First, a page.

NADPH Oxidase Biology and the Regulation of Tyrosine Kinase Receptor Signaling and Cancer Drug Cytotoxicity
AbstractThe outdated idea that reactive oxygen species (ROS) are only dangerous products of cellular metabolism, causing toxic and mutagenic effects on cellular components, is being replaced by the view that ROS have several important functions in cell signaling. In aerobic organisms, ROS can be generated from different sources, including the mitochondrial electron transport chain, xanthine oxidase, myeloperoxidase, and lipoxygenase, but the only enzyme family that produces ROS as its main product is the NADPH oxidase family (NOX enzymes). These transfer electrons from NADPH (converting it to NADP−) to oxygen to make O2•−. Due to their stability, the products of NADPH oxidase, hydrogen peroxide, and superoxide are considered the most favorable ROS to act as signaling molecules. Transcription factors that regulate gene expression involved in carcinogenesis are modulated by NADPH oxidase, and it has emerged as a promising target for cancer therapies. The present review discusses the mechanisms by which NADPH oxidase regulates signal transduction pathways in view of tyrosine kinase receptors, which are pivotal to regulating the hallmarks of cancer, and how ROS mediate the cytotoxicity of several cancer drugs employed in clinical practice. View Full-Text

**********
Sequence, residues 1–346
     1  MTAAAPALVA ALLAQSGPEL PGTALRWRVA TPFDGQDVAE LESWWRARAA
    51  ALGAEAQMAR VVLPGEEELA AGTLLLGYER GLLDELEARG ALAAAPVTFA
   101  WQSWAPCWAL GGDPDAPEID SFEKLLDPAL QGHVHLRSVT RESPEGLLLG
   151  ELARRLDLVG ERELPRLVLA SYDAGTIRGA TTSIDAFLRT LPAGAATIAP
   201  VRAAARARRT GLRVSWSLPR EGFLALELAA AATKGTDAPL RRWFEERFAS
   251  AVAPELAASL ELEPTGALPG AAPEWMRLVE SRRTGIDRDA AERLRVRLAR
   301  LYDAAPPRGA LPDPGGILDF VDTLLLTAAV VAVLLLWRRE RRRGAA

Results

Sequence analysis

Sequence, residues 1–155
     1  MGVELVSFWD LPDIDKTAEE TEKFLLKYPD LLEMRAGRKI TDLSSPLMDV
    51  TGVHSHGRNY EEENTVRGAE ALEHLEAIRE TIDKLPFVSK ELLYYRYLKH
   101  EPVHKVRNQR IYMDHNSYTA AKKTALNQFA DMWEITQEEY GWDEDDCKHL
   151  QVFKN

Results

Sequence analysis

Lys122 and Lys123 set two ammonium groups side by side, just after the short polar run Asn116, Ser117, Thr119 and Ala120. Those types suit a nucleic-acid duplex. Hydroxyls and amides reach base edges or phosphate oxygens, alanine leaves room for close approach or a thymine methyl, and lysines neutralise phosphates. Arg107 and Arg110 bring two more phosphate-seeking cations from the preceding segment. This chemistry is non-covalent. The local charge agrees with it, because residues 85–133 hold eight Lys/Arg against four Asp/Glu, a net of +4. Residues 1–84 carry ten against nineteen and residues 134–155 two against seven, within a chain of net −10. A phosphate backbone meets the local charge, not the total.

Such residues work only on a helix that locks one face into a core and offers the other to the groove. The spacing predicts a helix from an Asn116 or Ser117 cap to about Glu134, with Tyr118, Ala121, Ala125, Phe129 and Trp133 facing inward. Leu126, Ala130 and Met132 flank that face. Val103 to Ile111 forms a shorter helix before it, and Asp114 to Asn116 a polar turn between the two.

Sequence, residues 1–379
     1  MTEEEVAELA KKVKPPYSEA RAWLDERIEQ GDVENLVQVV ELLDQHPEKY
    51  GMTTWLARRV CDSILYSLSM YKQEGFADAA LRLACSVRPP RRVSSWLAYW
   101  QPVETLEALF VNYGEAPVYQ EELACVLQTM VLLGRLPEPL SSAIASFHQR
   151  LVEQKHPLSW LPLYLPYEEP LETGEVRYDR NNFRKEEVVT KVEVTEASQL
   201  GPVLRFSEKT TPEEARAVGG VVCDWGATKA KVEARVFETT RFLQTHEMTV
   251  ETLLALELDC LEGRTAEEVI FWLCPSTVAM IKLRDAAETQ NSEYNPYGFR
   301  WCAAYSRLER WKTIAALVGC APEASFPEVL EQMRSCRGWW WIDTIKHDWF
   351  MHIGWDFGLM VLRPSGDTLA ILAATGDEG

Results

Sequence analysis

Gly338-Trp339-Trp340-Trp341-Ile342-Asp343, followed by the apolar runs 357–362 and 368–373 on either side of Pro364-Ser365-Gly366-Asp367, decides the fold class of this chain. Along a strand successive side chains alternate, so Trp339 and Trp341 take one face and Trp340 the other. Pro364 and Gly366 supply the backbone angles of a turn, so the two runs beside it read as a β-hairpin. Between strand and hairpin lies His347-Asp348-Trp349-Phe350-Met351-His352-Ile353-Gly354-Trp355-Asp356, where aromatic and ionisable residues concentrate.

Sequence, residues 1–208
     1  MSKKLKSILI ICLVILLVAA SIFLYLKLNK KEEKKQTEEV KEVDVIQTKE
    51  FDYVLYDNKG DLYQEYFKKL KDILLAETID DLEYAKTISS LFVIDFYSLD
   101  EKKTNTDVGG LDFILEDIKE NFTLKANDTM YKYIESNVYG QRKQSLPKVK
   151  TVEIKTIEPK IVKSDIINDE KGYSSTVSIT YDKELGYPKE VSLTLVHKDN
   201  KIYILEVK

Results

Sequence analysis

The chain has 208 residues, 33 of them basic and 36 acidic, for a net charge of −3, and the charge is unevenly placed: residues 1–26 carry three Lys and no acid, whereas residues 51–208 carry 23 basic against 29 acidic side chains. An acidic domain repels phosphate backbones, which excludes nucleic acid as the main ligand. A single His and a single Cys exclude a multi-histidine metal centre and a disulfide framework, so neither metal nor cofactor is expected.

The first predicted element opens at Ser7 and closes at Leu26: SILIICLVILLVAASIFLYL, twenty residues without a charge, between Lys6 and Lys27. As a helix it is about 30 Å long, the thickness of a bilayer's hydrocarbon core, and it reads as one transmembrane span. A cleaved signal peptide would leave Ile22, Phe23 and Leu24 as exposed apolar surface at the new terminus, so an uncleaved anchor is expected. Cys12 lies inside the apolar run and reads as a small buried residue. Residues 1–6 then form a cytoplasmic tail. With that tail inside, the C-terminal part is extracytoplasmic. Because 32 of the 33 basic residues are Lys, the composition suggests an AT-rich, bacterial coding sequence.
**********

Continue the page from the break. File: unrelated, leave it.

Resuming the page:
Share & Cite This Article
Paletta-Silva, R.; Rocco-Machado, N.; Meyer-Fernandes, J.R. NADPH Oxidase Biology and the Regulation of Tyrosine Kinase Receptor Signaling and Cancer Drug Cytotoxicity. Int. J. Mol. Sci. 2013, 14, 3683-3704.
Paletta-Silva R, Rocco-Machado N, Meyer-Fernandes JR. NADPH Oxidase Biology and the Regulation of Tyrosine Kinase Receptor Signaling and Cancer Drug Cytotoxicity. International Journal of Molecular Sciences. 2013; 14(2):3683-3704.Chicago/Turabian Style
Paletta-Silva, Rafael; Rocco-Machado, Nathália; Meyer-Fernandes, José R. 2013. "NADPH Oxidase Biology and the Regulation of Tyrosine Kinase Receptor Signaling and Cancer Drug Cytotoxicity." Int. J. Mol. Sci. 14, no. 2: 3683-3704.